Chapel Hill News

Hillsborough begins eminent domain to acquire the Colonial Inn

The town of Hillsborough has begun legal proceedings to acquire the former Colonial Inn by eminent domain, town officials announced Thursday.

The Hillsborough Board of Commissioners authorized the move July 21. Under the process — authorized in Chapter 40A of the N.C. General Statutes — the town would provide the owner with just compensation for the property, according to a town news release.

When filing the action, the town placed a deposit of $250,000 with the Orange County Clerk of Court, which is the estimated fair market value of the property, as determined by appraisers hired by the town.

The property’s current owners agreed in January to allow appraisers to access the 177-year-old structure at 153 W. King St.

The owners previously received a 30-day notice of the town’s intent to exercise its power of eminent domain and now have 120 days to answer the town’s filing. If the filing is not contested or if the deposited compensation is taken from the court, title for the property would then transfer to the town.

“The Board of Commissioners is committed to acquiring the historic property, which is a contributing structure in Hillsborough’s historic district and is listed in the National Register of Historic Places,” the news release said. Possible public uses for the structure include using it for offices, a museum or other educational or recreational space.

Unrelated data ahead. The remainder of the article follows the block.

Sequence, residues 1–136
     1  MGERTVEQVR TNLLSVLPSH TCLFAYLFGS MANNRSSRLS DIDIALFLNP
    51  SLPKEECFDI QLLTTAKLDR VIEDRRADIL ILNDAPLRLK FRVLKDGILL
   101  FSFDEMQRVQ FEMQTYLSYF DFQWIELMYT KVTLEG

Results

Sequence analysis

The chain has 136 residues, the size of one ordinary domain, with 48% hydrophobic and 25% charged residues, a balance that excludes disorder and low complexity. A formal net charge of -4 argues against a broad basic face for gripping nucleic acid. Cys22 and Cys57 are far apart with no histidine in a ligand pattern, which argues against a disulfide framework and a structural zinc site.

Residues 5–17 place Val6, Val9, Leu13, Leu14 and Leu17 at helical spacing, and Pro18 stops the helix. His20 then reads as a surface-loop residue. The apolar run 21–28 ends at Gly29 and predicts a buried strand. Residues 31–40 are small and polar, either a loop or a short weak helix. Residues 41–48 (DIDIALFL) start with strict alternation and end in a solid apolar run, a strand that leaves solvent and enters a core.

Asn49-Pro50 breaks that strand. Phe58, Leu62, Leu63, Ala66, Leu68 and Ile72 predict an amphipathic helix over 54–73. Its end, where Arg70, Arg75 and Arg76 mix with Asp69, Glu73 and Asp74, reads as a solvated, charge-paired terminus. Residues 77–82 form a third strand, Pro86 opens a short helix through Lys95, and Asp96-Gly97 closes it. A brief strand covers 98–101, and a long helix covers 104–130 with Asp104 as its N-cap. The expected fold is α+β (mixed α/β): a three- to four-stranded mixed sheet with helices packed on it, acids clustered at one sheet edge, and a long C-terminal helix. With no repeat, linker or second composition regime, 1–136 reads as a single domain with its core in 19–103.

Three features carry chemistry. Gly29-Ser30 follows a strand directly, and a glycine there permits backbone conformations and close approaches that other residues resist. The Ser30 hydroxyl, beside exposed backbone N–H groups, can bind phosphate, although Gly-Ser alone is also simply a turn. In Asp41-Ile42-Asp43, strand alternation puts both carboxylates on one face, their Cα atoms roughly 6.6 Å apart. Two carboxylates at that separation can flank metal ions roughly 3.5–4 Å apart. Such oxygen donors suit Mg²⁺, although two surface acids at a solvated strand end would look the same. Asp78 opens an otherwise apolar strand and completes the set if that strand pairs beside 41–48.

3 principles

“There are three principles we want to keep in mind regarding the former Colonial Inn property,” Hillsborough Mayor Tom Stevens said. “First, is to remember the primary goal is simply to see that this historic landmark in our community is preserved for future generations; second, that we make decisions regarding the property based on solid information rather than sentiments; and finally, that we treat all parties fairly and respectfully as we move toward that goal.”

The town contracted with the Development Finance Initiative of the UNC School of Government in 2015 to determine types of public participation that might be necessary to renovate and return the former inn to economic use. The town is considering transferring ownership to a public-private partnership that would be responsible for stabilizing and restoring the structure under guidelines set by the town.

The partnership would pay for renovations to the structure, which are estimated to cost about $3 million, according to the initiative’s report.